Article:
Leadership demands the expression of an authentic self. Try to lead like someone else, and you will fail. Employees will not follow someone who invests little of themself in their leadership behaviors. People want to be led by someone “real.”
But while the expression of an authentic self is necessary for great leadership, the concept of authenticity is often misunderstood, not least by leaders themselves. They often assume that authenticity is an innate quality—that a person is either authentic or not. In fact, authenticity is a quality that others must attribute to you. No leader can look into a mirror and say, “I am authentic.” A person cannot be authentic on their own. Authenticity is largely defined by what other people see in you and, as such, can to a great extent be controlled by you. If authenticity were purely an innate quality, there would be little you could do to manage it and, therefore, little you could do to make yourself more effective as a leader.
Let us be absolutely clear: Authenticity is not the product of pure manipulation. It accurately reflects aspects of the leader’s inner self, so it can’t be an act. But great leaders seem to know which personality traits they should reveal to whom and when. They are like chameleons, capable of adapting to the demands of the situations they face and the people they lead, yet they do not lose their identities in the process. Authentic leaders remain focused on where they are going but never lose sight of where they came from.
There’s no one right way to establish and manage your authenticity. But there are conscious steps you can take to help others perceive you as an authentic leader. Some of these steps entail building up knowledge about your true self; some involve learning more about others.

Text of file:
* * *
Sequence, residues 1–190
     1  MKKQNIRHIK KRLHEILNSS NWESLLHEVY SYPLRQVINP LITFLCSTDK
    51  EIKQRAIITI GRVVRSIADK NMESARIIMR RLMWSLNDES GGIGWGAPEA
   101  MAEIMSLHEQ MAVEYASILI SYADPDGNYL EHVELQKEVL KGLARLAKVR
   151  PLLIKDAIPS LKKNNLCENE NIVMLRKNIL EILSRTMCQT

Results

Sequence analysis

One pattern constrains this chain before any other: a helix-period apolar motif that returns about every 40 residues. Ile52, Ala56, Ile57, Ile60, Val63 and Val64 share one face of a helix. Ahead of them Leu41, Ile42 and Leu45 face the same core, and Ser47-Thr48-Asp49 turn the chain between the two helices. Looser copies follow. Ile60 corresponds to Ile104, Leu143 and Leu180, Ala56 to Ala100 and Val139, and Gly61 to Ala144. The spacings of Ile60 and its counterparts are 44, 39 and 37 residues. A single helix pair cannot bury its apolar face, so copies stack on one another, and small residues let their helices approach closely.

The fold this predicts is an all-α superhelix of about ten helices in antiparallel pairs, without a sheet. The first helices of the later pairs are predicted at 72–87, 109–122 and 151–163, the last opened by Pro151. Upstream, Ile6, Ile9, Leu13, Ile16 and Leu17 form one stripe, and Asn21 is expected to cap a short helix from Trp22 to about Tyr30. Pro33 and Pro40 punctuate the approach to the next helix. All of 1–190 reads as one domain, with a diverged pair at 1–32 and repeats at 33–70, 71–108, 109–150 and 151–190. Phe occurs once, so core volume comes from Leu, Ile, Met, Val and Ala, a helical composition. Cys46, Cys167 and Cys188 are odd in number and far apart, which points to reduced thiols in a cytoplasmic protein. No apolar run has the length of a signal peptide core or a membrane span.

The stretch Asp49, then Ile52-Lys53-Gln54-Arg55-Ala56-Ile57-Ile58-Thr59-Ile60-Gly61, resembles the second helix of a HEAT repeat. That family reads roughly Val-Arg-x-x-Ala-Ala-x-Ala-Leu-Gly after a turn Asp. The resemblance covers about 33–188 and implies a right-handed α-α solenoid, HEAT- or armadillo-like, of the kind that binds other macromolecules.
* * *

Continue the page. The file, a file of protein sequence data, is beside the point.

Returning to your roots. Take a holiday with old friends. Spend time away from the normal trappings of the office.
Avoiding comfort zones. Step out of your routines, seek new adventures, and take some risks.
Getting honest feedback. Ask for 360-degree feedback from close colleagues, friends, family, and so on.
Building a rich picture of your environment. Don’t view others as one-dimensional; find out about people’s backgrounds, biographies, families, and obsessions.
Removing barriers between yourself and others. Selectively show a weakness or vulnerability that reveals your approachability to your direct reports, assistants, secretaries, and so on.
Empathizing passionately with your people. Care deeply about the work your people do.
Letting others know what’s unique (and authentic) about them. Give people feedback that acknowledges and validates their origins.
Sharpening your social antennae. Seek out foreign assignments and other experiences to help you detect the subtle social clues that may spell the difference between your success and failure in attracting followers.
Honoring deeply held values and social mores. You are unlikely to make connections by riding roughshod over other cultures’ strongly held beliefs.
Developing your resilience. You will inevitably experience setbacks when you expose yourself to new contexts and cultures. Prepare yourself by learning about and understanding your own values.
Rob Goffee is a professor emeritus of organizational behavior at the London Business School.
Gareth Jones was a visiting professor at the IE Business School, in Madrid.
Excerpted from an article in Harvard Business Review, December 2005 (product #R0512E).